Wednesday, 24 December 2008

Scala, an introduction

Scala - "Scalable Java": a new Language which combines both Object Orientated and Functional programming paradigms.

Scala is an extension of Java and runs on the JVM. Scala draws from languages such as Java, Smalltalk, Erlang and many others.

Scala site:


Installation, using the IzPack Scala installer jar, run: java -jar scala-x-installer.jar

Scala - main features:
  • Integrates with Java (is an extension of Java), and shares libraries and primitive types
  • Compiles to Java byte code - runs on JVM (also can be run on .Net)
  • Imperative and functional support
  • Object Orientated (classes, objects)
  • Functional (functions as first class objects, referential transparency)
  • Statically typed
  • Type inference (more concise code that looks more like Dynamic/duck typed, but has the benefits of static / strong typing)
  • Supports closures and function literals
  • Concurrency model using Erlang Actors system (a 'safer' concurrency model)
Scala can be run stand alone, using the command line interpreter - using the "scala" command.

Scala also has plugin support for NetBeans, Eclipse and InteliJ

Syntax Overview:
  • Type inference means most type declarations can be omitted (but can still be explicitly declared).
  • Variables are defined as name : type rather than type name as per Java
  • Semicolons are often optional
  • Does not specify or define operators. +-*/ etc are valid method names are defined as such for appropriate types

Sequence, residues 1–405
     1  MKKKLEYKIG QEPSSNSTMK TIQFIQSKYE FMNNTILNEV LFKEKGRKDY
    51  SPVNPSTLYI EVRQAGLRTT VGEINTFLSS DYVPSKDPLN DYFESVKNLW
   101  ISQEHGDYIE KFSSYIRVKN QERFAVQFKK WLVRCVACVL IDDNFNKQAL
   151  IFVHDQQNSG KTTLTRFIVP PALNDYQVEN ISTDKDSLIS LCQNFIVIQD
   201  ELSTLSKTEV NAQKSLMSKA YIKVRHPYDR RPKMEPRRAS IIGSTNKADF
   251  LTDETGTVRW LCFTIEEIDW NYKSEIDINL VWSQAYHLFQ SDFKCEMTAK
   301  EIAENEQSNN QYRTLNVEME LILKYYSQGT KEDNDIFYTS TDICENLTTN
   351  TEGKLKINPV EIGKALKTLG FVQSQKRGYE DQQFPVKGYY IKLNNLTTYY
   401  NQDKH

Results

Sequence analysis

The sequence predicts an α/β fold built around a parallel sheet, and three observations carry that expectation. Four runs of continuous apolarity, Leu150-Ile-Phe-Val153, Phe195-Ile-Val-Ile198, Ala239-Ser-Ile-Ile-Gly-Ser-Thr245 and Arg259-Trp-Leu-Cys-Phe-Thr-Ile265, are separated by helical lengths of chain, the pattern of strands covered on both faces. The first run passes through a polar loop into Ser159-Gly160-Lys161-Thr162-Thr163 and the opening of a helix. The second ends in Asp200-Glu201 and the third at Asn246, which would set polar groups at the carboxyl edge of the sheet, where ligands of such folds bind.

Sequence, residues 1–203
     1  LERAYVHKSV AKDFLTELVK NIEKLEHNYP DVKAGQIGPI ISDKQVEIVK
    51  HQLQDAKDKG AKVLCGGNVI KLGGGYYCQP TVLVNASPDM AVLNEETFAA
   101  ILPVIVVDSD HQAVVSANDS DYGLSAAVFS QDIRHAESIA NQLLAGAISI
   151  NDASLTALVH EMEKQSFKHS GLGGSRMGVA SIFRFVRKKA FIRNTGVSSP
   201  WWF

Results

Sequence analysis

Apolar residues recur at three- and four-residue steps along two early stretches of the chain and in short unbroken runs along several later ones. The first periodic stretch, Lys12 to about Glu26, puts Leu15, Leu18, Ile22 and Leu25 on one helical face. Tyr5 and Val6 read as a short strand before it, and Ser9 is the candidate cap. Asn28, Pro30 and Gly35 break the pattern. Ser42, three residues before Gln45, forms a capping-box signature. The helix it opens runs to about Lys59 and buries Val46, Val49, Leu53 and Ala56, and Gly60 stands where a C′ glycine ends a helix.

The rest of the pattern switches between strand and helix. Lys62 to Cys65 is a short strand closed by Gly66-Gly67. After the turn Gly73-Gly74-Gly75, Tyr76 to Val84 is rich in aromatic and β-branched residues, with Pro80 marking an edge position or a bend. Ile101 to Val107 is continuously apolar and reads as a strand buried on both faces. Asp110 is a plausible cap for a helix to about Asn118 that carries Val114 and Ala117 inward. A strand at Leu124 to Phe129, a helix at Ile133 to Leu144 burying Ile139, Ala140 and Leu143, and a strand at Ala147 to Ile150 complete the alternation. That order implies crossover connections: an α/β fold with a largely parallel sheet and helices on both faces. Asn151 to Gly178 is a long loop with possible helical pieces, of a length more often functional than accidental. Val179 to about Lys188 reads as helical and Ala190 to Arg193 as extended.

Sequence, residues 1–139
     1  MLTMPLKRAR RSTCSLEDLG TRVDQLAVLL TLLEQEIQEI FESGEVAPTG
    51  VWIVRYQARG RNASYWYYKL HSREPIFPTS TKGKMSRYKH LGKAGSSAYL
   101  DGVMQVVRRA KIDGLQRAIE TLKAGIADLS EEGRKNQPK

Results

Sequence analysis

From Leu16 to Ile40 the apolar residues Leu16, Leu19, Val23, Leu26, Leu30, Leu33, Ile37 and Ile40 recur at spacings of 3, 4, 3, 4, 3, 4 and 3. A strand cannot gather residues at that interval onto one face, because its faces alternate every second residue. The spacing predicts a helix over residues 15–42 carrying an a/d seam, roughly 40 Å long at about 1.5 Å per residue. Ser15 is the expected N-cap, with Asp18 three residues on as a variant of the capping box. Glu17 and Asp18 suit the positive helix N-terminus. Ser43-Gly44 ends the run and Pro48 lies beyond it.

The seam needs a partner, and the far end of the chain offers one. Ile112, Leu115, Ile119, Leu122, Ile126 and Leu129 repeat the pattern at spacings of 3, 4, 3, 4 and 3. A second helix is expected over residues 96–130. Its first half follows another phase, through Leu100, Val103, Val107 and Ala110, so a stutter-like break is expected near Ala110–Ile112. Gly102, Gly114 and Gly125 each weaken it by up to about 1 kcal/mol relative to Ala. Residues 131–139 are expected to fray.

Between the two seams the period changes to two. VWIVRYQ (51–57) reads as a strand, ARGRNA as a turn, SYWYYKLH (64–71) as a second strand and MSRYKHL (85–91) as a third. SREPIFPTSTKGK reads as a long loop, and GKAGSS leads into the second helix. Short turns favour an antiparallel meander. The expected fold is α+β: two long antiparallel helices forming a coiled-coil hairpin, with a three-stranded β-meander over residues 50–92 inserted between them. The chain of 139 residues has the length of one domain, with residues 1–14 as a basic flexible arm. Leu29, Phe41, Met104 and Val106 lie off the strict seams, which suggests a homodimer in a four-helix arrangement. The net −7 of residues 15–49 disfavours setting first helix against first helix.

• var and val keywords - val declares a constant type (like Java's final, not reassignable), var declares a variable that can be reassigned. val, like var can still be mutable however, if the type is mutable.
  • Functions, declared using def keyword. e.g. def myFunction(x: Type1, y: Type2) : ReturnType
  • Pre and post increment/decrement (i++, ++i, i--, --i) are not supported, use i = i + 1 or i += 1
  • Recommended indentation is 2 spaces
  • Imperative for loops not supported, the functional equivalent, a for Expression is used instead
  • Arryays are indexed using (n) not [n]
  • Type parameters are specified using [type]. If both type and index are used, the ordering is [type](params)
  • Scala supports infix as method calls. e.g. 1 + 2 is equivalent to 1.+(2) where + is not a special operator, but a regular method
  • Applying () to an object (recipient) is equivalent to calling .apply() on it. e.g. myThing(i) is equivalent to myThing.apply(i)
  • The receiver of an = operator is equivalent to calling .update. e.g. myThing(i) = value is equivalent to myThing.update(i, value)
  • Method association is by default to the left, unless the method ends with a colon : e.g. 1 + 2 applies + to 1 giving 1.+(2) whereas x :: y applies :: (cons) to y, giving y.::(x)
  • The List type supports ::: (concat) and :: (cons, prepend), both apply the operation and return the resulting new List
  • Arrays are always mutable, lists are always immutable. Sets and maps can be either, the default is immutable (from the trait scala.collection.immutable) but the mutable equivalents can be imported from scala.collection.mutable
  • The -> method provides Implicit Conversion. e.g. x -> y is x.->y which returns a key/value tuple containing x as the key and y as the value